“Questions are a burden to others, answers a prison for oneself.” – The Prisoner (various episodes)

I haven’t posted here for a couple of days.  I actually drafted something yesterday, but I’m not sure yet whether to post it.   Not a lot has happened.  I’m not as depressed as I was last week, but mornings are still very difficult in terms of the depression and I still struggle with anxiety at work, particularly social anxiety in interactions with students and anxiety about how well I am doing my job.  I also still feel lonely at times and anything about love, marriage, sex or children can set me off.  Today I was weeding a section of the library that had books on health for children and adolescents.  The photos of babies made me feel vaguely broody, although not as much as in the past; the books for teenagers on navigating sex and relationships, while stressing the need to avoid feeling that one “must” have sex because “everyone else is doing it” just paradoxically reinforced my feeling of having permanently missed the boat when it comes to sex, relationships and marriage, but, again, not quite as much as in the past.

I feel vaguely stable today, but that brings a load of other questions to the fore, now that I can think a bit rather than just emote:

  1. What should I do about dating?  Should I take up my rabbi’s offer of advice?  Should I email the US-based health-specialist shadchanim (matchmakers) to see if they know people in Europe or contact UK-based ‘normal’ shadchanim to see if they can help someone with mental health issues?  Should I even summon up the courage for trans-Atlantic dating?  Or am I just too mentally ill to date?
  2. Should I try to get my medication changed again as one friend suggested?  I have been on so many drugs and combinations of drugs over the last fifteen years and I have had two psychiatrists basically say that medication will, at best, keep me from the worst of the depression, rather than “cure” me.  Should I risk things getting worse from coming off my current drugs in the hope new ones will help?  And do I want new ones, given the ones I haven’t tried have side-effects, dietary restrictions or suicide risks?  And what happens six months down the line when those tablets stop working, as all the previous ones have done?
  3. Is there a way to shut off the frequent (not quite continual) depressive/anxious/autistic monologues in my head?  Because they really annoy me.
  4. Should I contemplate changing, not just my job, but also my career if my contract is not renewed in April?  Do I enjoy my job?  Do I know what type of job I would enjoy?
  5. Actually, do I even know what I might enjoy in terms of career or relationships or even hobbies?  Do I even know what enjoyment is?  When did I last enjoy something, really enjoy it?  Pre-depression?  When was that?  Nineteen years old, sixteen, thirteen?  Primary school?  How would I recognise enjoyment if I experienced it?
  6. Speaking of hobbies, a friend of my parents’ complimented me on the photos I took at my sister’s wedding, which reminds me that I’ve often felt that I could have had photography as a hobby, but always let other things interfere, both other hobbies and my confusion and fear of the technical side of photography, the whole light-levels-and-shutter-speed side of things, as well as my feeling that I never see anything worth photographing.  To be honest, I probably have a fear of doing anything new, which probably feeds in to most of these questions.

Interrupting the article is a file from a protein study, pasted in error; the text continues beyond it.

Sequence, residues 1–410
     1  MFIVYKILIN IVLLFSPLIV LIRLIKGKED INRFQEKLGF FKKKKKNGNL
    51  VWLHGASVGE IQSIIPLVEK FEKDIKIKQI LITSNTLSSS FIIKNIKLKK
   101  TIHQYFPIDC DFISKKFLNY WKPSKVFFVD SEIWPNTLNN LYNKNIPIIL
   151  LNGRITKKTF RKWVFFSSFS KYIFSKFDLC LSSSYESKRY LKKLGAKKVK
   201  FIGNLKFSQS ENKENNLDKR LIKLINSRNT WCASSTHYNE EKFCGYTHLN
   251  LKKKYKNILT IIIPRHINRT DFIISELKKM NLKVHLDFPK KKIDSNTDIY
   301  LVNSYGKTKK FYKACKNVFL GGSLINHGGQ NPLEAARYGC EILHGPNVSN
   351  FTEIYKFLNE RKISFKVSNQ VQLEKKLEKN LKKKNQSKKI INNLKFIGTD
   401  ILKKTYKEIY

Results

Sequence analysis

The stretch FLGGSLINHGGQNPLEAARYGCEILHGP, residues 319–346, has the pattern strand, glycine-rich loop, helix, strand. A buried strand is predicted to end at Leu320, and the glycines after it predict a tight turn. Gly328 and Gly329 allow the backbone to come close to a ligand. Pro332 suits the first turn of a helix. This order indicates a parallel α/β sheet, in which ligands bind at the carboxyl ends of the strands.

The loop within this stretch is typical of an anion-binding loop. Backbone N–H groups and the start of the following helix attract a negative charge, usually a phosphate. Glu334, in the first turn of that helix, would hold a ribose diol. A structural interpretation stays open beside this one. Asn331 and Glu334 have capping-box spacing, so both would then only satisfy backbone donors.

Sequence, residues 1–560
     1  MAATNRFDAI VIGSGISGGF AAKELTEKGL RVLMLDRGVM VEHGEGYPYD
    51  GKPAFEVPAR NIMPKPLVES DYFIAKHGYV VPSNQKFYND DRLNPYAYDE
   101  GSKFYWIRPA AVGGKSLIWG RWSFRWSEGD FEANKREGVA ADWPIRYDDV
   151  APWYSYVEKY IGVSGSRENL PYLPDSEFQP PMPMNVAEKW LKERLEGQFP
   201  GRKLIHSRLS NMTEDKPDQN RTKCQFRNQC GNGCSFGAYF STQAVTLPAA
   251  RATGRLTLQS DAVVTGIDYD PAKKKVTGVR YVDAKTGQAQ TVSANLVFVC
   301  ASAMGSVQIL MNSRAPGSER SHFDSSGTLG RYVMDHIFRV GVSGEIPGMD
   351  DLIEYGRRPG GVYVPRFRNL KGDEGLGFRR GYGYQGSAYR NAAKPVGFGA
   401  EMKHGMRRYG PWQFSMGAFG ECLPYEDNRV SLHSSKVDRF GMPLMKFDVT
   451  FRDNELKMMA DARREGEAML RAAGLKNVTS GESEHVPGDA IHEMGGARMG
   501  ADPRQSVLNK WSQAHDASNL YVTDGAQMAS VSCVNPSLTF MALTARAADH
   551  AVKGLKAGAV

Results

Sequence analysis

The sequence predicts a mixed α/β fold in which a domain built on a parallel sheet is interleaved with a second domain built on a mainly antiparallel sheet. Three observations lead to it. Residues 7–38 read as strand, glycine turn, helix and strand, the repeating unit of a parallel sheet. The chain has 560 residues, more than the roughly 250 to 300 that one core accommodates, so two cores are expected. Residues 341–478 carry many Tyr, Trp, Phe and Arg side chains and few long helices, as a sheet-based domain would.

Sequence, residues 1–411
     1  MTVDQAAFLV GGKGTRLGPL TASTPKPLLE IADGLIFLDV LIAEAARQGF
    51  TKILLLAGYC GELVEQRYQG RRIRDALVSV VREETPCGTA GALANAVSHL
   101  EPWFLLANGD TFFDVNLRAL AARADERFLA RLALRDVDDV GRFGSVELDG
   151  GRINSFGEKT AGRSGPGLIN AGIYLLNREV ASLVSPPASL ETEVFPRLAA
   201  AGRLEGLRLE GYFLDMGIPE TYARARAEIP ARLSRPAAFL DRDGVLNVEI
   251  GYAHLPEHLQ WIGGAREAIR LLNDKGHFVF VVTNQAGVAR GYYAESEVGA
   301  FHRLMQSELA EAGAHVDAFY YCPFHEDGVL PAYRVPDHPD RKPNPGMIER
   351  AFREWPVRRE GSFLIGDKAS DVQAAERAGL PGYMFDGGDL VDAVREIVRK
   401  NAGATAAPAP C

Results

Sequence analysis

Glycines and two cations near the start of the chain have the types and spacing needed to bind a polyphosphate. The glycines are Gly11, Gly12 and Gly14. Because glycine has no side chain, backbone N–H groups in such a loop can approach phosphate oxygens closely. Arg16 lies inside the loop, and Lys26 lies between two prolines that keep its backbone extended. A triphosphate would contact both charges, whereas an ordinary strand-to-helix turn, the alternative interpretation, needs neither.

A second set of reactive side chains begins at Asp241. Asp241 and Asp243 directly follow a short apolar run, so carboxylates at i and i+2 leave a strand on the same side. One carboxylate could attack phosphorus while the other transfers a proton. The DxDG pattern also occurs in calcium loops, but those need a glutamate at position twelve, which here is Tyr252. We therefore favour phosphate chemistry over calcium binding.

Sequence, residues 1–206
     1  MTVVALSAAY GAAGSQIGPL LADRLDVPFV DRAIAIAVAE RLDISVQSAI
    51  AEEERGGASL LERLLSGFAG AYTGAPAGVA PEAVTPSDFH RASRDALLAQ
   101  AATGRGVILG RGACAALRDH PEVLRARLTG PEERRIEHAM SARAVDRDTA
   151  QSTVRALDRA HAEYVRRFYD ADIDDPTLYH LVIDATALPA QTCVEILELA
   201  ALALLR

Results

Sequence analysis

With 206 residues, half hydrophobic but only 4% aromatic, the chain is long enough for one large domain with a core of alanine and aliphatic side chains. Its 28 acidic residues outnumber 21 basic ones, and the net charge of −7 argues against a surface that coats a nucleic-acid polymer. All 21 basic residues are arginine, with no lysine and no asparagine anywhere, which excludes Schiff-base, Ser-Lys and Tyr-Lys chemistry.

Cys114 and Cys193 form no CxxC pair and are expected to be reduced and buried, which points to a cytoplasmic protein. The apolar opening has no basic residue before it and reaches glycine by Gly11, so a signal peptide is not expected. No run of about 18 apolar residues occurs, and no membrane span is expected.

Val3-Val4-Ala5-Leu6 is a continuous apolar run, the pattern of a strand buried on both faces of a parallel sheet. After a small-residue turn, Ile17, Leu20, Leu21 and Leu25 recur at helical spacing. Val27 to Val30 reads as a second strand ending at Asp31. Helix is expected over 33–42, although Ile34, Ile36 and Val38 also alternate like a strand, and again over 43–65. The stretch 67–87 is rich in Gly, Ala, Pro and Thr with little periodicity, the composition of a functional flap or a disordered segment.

7. Looking at other hobbies, am I ever going to do anything with my writing?  Is the book I’m writing going to be publishable?  And what of the ideas for further Doctor Who books I’ve been kicking around – are they worth pursuing and how?

Questions, questions.  No answers, though.

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5 thoughts on “Questions, Questions

  1. For some reason inter-country dating seems to be an accepted thing in the Orthodox Jewish world. Maybe because there are so few Orthodox Jews and most of them live in Israel or America, so if you live somewhere else dating people abroad is an easy way to increase your dating pool substantially, otherwise you have a teeny tiny one (as I do in the UK). I guess it’s feasible now we have Skype and other video conferencing software.

    Orthodox dating is very marriage-centred anyway. It’s very much assessing if someone is a suitable life partner and mother/father of your children rather than just having a good time. In the ultra-Orthodox world people will decide in just ten or so dates whether someone is ‘the one’. I don’t think I could cope with that, though. I dated someone for eight months and was fairly sure she was The One and then it all went wrong, so I wouldn’t want to get engaged after eight dates. So I’m not sure that dating an American is a sensible idea.

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  2. “Be patient toward all that is unsolved in your heart and try to love the questions themselves, like locked rooms and like books that are now written in a very foreign tongue. Do not now seek the answers, which cannot be given you because you would not be able to live them. And the point is, to live everything. Live the questions now. Perhaps you will then gradually, without noticing it, live along some distant day into the answer.” From ‘Letters to a Young Poet’ by Rainer Maria Rilke.

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  3. I don’t like mysteries! I don’t like locked rooms and books I can’t read! I’m not really sure how I can live questions about career and dating without trying to find the answers…

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